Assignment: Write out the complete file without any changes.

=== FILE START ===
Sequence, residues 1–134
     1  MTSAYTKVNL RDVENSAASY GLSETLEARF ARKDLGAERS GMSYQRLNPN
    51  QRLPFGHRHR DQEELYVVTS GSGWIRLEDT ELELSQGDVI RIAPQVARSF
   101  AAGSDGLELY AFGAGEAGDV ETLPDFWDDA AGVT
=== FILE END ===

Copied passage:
Sequence, residues 1–134
     1  MTSAYTKVNL RDVENSAASY GLSETLEARF ARKDLGAERS GMSYQRLNPN
    51  QRLPFGHRHR DQEELYVVTS GSGWIRLEDT ELELSQGDVI RIAPQVARSF
   101  AAGSDGLELY AFGAGEAGDV ETLPDFWDDA AGVT